json that is not used for comparison.

Major Issue 2) The suggested pattern demonstrated starting in figure 16 (using
[] to mean "let the user choose") seems underspecified. If the point is that
different APIs may invent different mechanics _like_ this, and that this is
only an example. Make it much clearer that this is an example. If this is a
pattern you expect all APIs to follow, then more description is warranted. Is
it intended that a user could add and remove things arbitrarily to such lists?
For instance is it intended that this support an interaction where the client
is asking for permission to operate on account A, and the user can say "no, but
you can operate on account B"?

Minor issues:

Section 2: What does "The AS MUST ensure that there is no collision between
different authorization details types that it supports." mean? How is this a
2119 requirement? I _think_ you're trying to point out that the
authorization_details string is a unique-key at any AS and that that has
consequences on the API _designer_, but I don't know what is expected of an AS
coder here. Some clearer words are needed.

Section 7: Please expand on, or rephrase, "if these are deemed of no intended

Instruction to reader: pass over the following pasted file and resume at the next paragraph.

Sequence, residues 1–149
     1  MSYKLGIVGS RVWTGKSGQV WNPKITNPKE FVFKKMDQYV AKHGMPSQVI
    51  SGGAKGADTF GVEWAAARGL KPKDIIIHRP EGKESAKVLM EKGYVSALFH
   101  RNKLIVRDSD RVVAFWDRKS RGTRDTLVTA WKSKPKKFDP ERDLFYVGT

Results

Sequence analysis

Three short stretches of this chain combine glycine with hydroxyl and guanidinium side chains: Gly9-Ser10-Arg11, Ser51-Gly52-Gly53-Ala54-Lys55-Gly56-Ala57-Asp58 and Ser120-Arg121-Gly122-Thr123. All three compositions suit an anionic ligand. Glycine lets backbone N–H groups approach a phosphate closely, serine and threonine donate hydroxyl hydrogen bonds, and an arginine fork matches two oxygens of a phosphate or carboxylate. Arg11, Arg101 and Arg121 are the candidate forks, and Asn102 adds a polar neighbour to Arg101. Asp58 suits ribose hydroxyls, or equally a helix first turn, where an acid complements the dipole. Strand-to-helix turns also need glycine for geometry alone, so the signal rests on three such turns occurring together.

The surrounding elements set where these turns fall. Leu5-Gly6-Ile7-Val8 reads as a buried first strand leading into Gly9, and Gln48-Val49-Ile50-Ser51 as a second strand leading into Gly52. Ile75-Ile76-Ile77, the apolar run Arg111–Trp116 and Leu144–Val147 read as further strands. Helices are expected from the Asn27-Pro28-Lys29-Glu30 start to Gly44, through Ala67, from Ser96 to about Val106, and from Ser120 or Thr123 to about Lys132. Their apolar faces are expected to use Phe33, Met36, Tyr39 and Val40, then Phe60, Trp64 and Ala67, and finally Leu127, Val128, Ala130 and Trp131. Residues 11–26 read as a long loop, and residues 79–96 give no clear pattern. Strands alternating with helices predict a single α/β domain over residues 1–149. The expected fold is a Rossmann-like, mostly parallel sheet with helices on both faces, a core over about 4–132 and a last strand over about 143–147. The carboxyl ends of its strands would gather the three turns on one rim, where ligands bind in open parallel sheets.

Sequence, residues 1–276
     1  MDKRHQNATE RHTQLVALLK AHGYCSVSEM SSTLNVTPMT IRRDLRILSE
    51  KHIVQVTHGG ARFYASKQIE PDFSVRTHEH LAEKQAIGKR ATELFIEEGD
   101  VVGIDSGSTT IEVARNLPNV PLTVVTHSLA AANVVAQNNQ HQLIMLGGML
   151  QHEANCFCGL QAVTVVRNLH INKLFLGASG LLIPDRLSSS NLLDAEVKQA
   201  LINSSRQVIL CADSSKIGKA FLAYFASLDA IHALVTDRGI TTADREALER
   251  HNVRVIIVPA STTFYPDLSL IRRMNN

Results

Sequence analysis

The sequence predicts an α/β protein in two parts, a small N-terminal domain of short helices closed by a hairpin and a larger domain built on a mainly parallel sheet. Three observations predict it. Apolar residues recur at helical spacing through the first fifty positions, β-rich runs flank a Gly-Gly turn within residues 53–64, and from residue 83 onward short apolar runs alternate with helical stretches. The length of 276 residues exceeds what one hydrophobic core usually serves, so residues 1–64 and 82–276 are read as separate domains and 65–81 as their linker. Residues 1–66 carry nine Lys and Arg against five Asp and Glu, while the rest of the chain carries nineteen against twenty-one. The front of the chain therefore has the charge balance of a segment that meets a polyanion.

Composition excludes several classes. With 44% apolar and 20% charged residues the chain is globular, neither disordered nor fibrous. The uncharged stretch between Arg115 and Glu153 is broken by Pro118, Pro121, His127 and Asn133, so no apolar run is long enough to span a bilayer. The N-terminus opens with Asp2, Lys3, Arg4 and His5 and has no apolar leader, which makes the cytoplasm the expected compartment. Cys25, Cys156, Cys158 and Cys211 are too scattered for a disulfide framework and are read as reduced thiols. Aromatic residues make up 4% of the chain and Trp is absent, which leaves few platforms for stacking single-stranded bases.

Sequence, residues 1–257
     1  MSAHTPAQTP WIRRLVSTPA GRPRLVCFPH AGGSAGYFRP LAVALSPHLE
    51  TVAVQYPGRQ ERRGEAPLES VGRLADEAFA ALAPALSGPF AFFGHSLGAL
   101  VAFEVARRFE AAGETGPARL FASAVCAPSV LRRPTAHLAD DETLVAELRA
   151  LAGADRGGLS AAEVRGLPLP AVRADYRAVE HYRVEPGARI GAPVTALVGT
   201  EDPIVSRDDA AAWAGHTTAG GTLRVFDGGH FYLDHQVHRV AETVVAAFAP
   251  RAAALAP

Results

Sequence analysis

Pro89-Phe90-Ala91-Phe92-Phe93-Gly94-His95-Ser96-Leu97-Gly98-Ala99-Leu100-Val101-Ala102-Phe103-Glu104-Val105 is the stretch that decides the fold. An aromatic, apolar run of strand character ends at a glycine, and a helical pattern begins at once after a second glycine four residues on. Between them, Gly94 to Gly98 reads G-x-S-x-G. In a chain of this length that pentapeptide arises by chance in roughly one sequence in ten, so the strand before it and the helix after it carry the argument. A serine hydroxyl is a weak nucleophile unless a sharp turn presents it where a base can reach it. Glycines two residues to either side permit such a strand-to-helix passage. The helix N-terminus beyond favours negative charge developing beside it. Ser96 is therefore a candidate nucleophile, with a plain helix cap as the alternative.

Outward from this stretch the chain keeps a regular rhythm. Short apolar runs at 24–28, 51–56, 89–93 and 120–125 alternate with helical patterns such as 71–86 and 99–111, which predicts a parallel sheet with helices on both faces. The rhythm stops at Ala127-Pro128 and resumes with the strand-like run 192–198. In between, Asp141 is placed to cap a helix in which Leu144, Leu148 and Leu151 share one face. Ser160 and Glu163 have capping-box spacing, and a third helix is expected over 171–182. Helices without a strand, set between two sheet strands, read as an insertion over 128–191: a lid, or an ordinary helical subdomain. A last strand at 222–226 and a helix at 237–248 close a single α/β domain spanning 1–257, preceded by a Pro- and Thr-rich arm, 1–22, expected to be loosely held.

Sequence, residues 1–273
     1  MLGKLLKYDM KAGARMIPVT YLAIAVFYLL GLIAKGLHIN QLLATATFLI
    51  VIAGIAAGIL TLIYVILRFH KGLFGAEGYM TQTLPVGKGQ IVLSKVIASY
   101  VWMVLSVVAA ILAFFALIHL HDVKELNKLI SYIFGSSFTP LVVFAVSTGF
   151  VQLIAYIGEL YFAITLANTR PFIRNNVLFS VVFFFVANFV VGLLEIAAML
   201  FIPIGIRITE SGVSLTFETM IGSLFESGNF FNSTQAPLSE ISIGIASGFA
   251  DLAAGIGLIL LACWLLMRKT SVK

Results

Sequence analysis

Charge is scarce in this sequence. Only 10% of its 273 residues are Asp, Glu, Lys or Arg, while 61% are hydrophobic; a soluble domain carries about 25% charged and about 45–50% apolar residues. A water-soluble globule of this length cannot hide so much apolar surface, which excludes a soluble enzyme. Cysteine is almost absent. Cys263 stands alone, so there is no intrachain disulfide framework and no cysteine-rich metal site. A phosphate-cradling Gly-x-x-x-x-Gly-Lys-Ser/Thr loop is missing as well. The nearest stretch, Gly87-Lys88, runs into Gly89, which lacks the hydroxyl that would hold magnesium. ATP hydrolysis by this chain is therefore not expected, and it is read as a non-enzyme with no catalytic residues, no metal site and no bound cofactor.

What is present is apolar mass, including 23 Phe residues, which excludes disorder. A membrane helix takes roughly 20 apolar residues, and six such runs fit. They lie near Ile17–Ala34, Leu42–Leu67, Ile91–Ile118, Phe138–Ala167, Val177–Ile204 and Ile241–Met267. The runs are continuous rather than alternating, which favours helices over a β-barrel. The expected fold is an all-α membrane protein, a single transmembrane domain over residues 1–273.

use for the client." Could you just delete the phrase? If you are only
explaining why an AS might do this, make it clear that it's an example (and
split the example into a separate sentence). If this is the _only_ reason an AS
might omit values in the token Response, then more detail is needed.

Nits/editorial comments:

Throughout the document, there is a mix of "authorization_details" and
"authorization details". It is not completely consistent using one when talking
about the parameter and the other when talking about the general concept of
details about authorization. Please inspect each occurrence and verify that it
is using the correct form.

Introduction: suggest changing 'defines the parameter scope' to 'defines the
parameter "scope"'

Introduction just after figure 1 - expand AS (first use).

Section 2.2: Please rework the sentence where you mention "the cartesian
product" and remove the reference - it is not helpful. Instead of "That is to
say," just say it.

Section 6.1, discussion just after Figure 13. Consider rewriting the sentence
to avoid the term "non-subsuming". Think about translation into other languages.

Section 9.2 intro to Figure 21: something is missing from this sentence. The
RS: at the end is either not needed or needs more words?

Section 10: Please reconsider the first sentence. Write it in a way that
doesn't imply the AS has agency (the AS can't "want"), and avoid the current
"If...then MUST" construction. It would be better to say something like "To
signal (foo) the AS (does these things)".

Section 10 just before Figure 23: Please clarify what it means for a client to
announce types that they "use"? Do you mean "support"? Do you mean "intend to
use in this interaction"? Or something else? Consider saying more about why
allowing the client to announce these things is useful.

Appendix A.1 : expand ACR

Figure 30 caption : typo at eHaelth.